Do You Use Chrome Extensions? Here is What You Need to Know About the Chrome Update and Project Strobe


Chrome Extensions

In the past, all it took was a simple ad blocker to make sure you weren’t dealing with harmful and annoying pop-up ads every time you traveled to a new page. Today, ad spam and malware have become major problems for vulnerable Chrome users, even if they’re only visiting verified HTTPS websites. With over 180,000 extensions currently in the Chrome store, the company wants to make sure users are protected from harmful plugins and popups that may contain malware. If you use Chrome, however, you might find that more than just ads are being blocked.

If you use Chrome Extensions, don’t panic. Here’s a guide to the latest Chrome API Update that will help you stay on top of the coming changes.

What is this latest Chrome update?


Google has been working on Project Strobe, an initiative to tighten up Chrome’s Application Programming Interface (or API) for years. The latest update is part of an attempt to figure out which extensions are truly safe, and which are putting up a front in order to phish and steal data.

As part of the Chrome API update, all extensions that seek access to Gmail and Google Drive will be subjected to stricter screening and added restrictions. Users will be asked to give permission to relay private information to an extension that’s requesting it, rather than being given instant access. This won’t just help your browser filter out malware attacks effectively: it also applies to handheld Google and Android devices.

How does it affect me?


While critics have pointed out that the Chrome API Update could end up interfering with privacy settings as well as extensions by overriding parental controls or incognito mode, the update exists to provide users with a safer browsing experience, especially if they’re using sites that ask for credit card data or personal information. That means that if you’re using enhanced privacy settings, antivirus programs, or parental controls, the update could end up overriding them. However, according to Chrome engineer Andrew Meyer, the new browser will help ad blockers work faster and more efficiently.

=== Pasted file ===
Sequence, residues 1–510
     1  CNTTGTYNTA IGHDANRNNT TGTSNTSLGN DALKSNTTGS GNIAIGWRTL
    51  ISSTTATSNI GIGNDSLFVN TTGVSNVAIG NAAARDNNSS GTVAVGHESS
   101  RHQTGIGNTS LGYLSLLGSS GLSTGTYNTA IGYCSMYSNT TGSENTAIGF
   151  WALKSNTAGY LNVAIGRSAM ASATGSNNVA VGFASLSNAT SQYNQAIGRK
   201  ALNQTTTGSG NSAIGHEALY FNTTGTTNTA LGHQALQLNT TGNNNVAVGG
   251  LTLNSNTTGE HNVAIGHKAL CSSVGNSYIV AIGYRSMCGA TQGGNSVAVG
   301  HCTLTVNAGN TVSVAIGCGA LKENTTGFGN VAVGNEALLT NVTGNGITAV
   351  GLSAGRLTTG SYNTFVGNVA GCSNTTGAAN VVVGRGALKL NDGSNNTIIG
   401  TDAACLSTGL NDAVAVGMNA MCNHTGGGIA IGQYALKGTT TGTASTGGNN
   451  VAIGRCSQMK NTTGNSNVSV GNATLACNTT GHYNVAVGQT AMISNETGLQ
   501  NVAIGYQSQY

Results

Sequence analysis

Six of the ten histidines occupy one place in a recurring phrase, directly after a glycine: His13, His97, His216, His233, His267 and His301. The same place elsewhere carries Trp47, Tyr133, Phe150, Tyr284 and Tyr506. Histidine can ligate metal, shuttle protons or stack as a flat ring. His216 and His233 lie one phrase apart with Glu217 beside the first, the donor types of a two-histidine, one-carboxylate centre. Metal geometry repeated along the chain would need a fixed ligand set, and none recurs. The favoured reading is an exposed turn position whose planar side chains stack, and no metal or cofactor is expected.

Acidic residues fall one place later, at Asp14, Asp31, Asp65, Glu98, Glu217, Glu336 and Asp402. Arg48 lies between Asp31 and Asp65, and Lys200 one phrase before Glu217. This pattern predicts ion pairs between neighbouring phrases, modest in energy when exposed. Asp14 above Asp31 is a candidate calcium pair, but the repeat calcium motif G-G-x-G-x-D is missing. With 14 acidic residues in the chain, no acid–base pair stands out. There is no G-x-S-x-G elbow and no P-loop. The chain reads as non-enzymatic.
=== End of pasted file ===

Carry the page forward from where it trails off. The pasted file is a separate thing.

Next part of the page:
What should I do?


When it comes to web safety, there are a few things you can do as a user to keep yourself out of harm’s way. If you’re worried about a malware attack, it’s best to pay attention to browser warnings about unencrypted pages and stick to only secure HTTPS websites. If you’re already playing it safe and using a good ad blocker to keep malware at bay, the latest Chrome update probably won’t affect you very much. You’ll be asked to give certain extensions permission to access personal information and if you use parental settings or privacy devices, you may have to reinstall or tweak them. If you’ve been looking forward to a version of the popular Firefox add-on NoScript for Chrome, this update means that you’ll have to wait. However, if you’re someone who isn’t a developer and only uses a handful of extensions for the purposes of online safety, the new update will help you and your information stay safe and protected online.


Cookie Policy

By using this website, you agree to our use of cookies. We use cookies to provide you with a great experience and to help our website run effectively.

OK